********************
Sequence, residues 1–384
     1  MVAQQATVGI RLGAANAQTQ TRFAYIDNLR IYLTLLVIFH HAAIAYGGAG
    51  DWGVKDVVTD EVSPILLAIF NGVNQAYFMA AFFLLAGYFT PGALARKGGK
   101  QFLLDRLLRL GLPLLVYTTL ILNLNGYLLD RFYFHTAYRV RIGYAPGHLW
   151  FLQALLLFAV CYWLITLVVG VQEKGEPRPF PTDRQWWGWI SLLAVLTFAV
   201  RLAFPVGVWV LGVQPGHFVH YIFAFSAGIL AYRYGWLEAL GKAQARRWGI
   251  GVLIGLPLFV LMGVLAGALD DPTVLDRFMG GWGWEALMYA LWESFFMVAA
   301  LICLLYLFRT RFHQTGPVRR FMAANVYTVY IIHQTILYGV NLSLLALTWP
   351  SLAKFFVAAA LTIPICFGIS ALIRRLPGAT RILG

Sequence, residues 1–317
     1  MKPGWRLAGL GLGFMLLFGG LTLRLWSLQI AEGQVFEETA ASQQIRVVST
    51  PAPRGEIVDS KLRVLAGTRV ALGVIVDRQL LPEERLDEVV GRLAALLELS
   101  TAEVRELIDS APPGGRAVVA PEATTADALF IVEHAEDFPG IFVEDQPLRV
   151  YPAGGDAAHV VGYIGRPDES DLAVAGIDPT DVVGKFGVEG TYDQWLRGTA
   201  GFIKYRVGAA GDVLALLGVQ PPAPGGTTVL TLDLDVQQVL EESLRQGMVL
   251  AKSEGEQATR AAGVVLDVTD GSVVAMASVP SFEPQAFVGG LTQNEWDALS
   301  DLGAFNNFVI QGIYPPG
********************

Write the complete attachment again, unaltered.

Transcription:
Sequence, residues 1–384
     1  MVAQQATVGI RLGAANAQTQ TRFAYIDNLR IYLTLLVIFH HAAIAYGGAG
    51  DWGVKDVVTD EVSPILLAIF NGVNQAYFMA AFFLLAGYFT PGALARKGGK
   101  QFLLDRLLRL GLPLLVYTTL ILNLNGYLLD RFYFHTAYRV RIGYAPGHLW
   151  FLQALLLFAV CYWLITLVVG VQEKGEPRPF PTDRQWWGWI SLLAVLTFAV
   201  RLAFPVGVWV LGVQPGHFVH YIFAFSAGIL AYRYGWLEAL GKAQARRWGI
   251  GVLIGLPLFV LMGVLAGALD DPTVLDRFMG GWGWEALMYA LWESFFMVAA
   301  LICLLYLFRT RFHQTGPVRR FMAANVYTVY IIHQTILYGV NLSLLALTWP
   351  SLAKFFVAAA LTIPICFGIS ALIRRLPGAT RILG

Sequence, residues 1–317
     1  MKPGWRLAGL GLGFMLLFGG LTLRLWSLQI AEGQVFEETA ASQQIRVVST
    51  PAPRGEIVDS KLRVLAGTRV ALGVIVDRQL LPEERLDEVV GRLAALLELS
   101  TAEVRELIDS APPGGRAVVA PEATTADALF IVEHAEDFPG IFVEDQPLRV
   151  YPAGGDAAHV VGYIGRPDES DLAVAGIDPT DVVGKFGVEG TYDQWLRGTA
   201  GFIKYRVGAA GDVLALLGVQ PPAPGGTTVL TLDLDVQQVL EESLRQGMVL
   251  AKSEGEQATR AAGVVLDVTD GSVVAMASVP SFEPQAFVGG LTQNEWDALS
   301  DLGAFNNFVI QGIYPPG